The following article was graciously written by Lord Gundormr Dengir.
At their decoronation, we presented Edward (III) and Thyra (II) with a scroll, commemorating their reign and bemoaning its end, however timely. As described in a previous article, this was done in the form of a Mortuary Roll. These were sent upon the death of an Abbot, Prioress or other high-ranking member of a religious community to other, related foundations. The roll began with an obituary for the deceased and then, upon arrival, each house added a short prayer called a Titulus. When it had completed its travels the roll, perhaps with more than 100 inscribed tituli, returned to its source to be kept in the archives. Our roll project was organized by Gun∂ormr Dengir and Eleanor Catlyng, with contributing calligraphers including Andreiko Eferiev, Kayleigh McWhyte, Lada Monguligan, Eowyn Eilonwy of Alewife Brook and Reijnier Verplanck.
The first membrane contains a poetic obituary to each monarch (written by Aildreda de Tamworthe and Steffan ap Cenydd), done in the style of the 10th century Planctus for William Longsword, a memorial poem to a slain Duke. Each poem consists of six stanzas which end with the plaintive refrain, Heu nobis umbratis — Alas for us in shadow. The poems are illuminated with 2 panels (painted by Aaradyn Ghyoot and Eva Woodrose) where the end of the reign is foretold with evil signs and portents, including a flaming pineapple streaking across the heavens. Below, the whole population from the lowly to the mighty hedgehogs and noble flamingos, lament the end of the reign. These were done in the style of one of the most impressively decorated of the surviving medieval mortuary rolls, BL MS Egerton MS 2849, the mortuary roll of Lucy of Hedingham (✝1230).
The remaining membranes contain all the tituli — titles. In these brief formulas each local group promises to remember the departed royalty and asks that we recall their members as we remember Edward and Thyra. The period text, which asked us to pray for the souls of the departed, was rewritten (Latin assistance by Rahel Carolingiæ and Steffan) so that we are implored to remember them for their deeds, wisdom or fame. Baronies, Shires, Principalities, and Cantons, as well as individuals from across the East, contributed the names of their members, as did Kingdoms as far afield as the West and Drachenwald.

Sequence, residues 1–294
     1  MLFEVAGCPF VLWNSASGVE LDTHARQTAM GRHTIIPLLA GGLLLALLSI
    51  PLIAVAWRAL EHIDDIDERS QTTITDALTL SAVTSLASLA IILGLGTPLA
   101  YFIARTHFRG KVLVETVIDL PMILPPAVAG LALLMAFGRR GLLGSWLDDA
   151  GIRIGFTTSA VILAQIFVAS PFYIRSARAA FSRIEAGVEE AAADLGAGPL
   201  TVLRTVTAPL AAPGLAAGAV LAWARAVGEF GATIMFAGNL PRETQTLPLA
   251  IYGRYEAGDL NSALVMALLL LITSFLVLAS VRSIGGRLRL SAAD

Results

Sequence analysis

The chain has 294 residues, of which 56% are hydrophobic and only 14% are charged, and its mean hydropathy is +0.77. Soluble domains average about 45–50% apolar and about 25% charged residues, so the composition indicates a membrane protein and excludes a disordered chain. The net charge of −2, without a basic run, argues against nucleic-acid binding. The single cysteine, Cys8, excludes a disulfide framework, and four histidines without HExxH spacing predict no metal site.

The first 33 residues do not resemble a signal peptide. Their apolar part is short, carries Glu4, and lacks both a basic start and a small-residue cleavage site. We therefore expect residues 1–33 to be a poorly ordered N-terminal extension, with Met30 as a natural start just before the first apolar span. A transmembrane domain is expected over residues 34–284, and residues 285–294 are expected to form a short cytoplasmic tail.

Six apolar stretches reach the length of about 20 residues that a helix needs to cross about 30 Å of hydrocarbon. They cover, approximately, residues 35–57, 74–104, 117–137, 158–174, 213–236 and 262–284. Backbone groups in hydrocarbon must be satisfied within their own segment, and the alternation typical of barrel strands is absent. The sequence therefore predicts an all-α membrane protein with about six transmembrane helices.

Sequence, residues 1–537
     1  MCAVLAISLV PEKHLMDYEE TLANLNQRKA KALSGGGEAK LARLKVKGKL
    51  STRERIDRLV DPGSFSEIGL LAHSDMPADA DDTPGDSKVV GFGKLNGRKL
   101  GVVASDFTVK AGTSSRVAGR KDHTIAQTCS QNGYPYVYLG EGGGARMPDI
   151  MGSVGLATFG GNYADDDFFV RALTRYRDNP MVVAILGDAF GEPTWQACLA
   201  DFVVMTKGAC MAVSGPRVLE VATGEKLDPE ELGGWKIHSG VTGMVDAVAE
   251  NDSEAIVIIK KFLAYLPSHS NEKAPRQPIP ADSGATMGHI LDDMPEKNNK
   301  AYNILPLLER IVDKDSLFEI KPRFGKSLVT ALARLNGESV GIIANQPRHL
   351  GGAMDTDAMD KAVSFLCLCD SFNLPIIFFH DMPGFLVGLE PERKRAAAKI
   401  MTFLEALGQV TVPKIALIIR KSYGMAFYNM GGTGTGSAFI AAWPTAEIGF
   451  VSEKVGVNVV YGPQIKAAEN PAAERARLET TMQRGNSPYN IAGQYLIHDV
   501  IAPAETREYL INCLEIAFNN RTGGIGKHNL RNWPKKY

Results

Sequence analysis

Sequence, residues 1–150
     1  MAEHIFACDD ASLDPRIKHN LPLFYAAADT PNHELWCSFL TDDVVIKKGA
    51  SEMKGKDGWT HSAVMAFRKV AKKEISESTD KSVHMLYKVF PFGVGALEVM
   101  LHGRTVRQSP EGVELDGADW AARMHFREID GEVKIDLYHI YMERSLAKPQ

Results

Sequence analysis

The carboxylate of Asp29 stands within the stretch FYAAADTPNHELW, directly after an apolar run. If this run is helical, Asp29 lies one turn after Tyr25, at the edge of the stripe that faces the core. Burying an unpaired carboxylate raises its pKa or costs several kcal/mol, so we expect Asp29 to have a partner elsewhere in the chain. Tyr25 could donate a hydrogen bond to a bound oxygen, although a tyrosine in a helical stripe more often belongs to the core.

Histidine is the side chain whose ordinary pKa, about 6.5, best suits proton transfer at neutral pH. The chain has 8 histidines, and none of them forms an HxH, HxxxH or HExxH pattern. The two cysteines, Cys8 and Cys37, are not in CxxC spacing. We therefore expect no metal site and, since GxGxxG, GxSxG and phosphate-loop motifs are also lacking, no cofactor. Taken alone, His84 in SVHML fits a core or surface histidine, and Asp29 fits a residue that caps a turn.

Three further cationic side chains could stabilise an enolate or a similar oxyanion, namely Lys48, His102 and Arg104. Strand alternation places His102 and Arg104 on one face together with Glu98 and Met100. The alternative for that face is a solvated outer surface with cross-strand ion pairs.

The entire scroll has been digitized and has been annotated with translation and scribal attribution. Within the tituli, period practice was to simply give the first name of the person with their title following, if any. We followed that format for the actual scroll, though in the digitized version we’ve also included the full names of all those commemorated in the text.
Duchess Thyra intends to display the Roll at upcoming events. While it may be some time before we are ready to undertake another similar project, we hope that others might be inspired to take part in it in the future. If you would like to learn more about the project or become involved in a future effort, please feel free to contact us: Eleanor, Gun∂ormr, or Thyra. While many deserving subjects were honored through this project, we know that there are many more who could have been so recognized. We would also be happy to begin collecting additional names towards that end as well.
East Kingdom Gazette
Covering the Eastern Realm of the SCA